Don’t get us wrong, the fact Canadian banks didn’t deliver us unto a foreclosure crisis or help themselves to even more of our money in the form of direct bailouts should probably not be viewed as a major favour. That goes double when you consider two more things. Firstly, “our” banks have been drawing on a major piece of real estate, the second largest country in the world for two hundred years so they can afford to be well regulated and like it along the way. Second, we bail them out indirectly every day in the form of transaction fees. Suburban-poverty.com’s treasurer was aghast the other day to have an ATM screen inform him of a new $1 charge for printing a statement the size of a modest convenience store receipt. All those “tips” add up, people.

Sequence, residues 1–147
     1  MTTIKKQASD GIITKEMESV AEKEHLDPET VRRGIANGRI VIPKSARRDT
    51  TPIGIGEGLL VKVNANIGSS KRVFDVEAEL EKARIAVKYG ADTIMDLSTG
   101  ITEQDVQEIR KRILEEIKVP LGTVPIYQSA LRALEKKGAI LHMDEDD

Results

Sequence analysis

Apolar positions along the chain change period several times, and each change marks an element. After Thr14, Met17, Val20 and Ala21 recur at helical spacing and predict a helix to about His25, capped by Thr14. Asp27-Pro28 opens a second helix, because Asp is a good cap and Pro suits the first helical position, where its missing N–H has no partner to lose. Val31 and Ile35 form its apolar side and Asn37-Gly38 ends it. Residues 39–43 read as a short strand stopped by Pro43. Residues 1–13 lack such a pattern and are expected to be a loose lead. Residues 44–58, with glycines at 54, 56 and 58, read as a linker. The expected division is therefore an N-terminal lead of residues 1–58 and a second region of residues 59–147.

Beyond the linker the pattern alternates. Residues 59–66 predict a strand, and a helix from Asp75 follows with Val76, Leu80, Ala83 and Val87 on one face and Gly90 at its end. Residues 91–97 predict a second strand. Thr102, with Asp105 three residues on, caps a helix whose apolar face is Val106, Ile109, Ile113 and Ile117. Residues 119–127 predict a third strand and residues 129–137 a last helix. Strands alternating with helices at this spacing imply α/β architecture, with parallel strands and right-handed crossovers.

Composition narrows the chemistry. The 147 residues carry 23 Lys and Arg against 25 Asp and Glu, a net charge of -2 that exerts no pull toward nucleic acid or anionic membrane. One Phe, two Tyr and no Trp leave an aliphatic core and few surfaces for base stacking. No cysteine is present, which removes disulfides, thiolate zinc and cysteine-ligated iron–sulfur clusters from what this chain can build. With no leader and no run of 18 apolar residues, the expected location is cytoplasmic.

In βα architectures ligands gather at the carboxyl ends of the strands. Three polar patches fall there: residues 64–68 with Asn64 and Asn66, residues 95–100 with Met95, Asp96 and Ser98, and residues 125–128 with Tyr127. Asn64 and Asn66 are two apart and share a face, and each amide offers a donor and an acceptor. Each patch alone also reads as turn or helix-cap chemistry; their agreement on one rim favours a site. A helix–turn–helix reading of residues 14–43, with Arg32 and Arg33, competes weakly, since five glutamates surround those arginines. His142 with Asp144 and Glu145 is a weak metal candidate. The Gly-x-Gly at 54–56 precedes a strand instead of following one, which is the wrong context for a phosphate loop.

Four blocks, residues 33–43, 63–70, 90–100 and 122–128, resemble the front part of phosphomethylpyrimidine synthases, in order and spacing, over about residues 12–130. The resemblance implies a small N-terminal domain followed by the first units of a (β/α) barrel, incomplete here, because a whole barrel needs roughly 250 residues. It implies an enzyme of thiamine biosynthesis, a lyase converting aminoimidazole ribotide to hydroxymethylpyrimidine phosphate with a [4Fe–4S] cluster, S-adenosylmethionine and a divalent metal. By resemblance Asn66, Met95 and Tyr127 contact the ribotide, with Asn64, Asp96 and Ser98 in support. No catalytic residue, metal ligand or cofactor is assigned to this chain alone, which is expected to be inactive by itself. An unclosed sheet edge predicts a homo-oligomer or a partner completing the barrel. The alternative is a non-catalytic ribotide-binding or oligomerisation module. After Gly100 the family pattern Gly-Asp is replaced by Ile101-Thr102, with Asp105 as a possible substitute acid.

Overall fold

Hulchanski’s article elaborates on an established concept, the emergence of three cities in the Greater Toronto Area. Basically it’s about the death of the middle class. Statistics, a graph and a map indicate the reality of suburban poverty in the fifth largest city in North America, Canada’s business capital and a vast area increasingly defined by, and living off of the avails of, suburban sprawl. The 99% know all about inequality
[statistics for 1970 & 2005 – projections for 2025]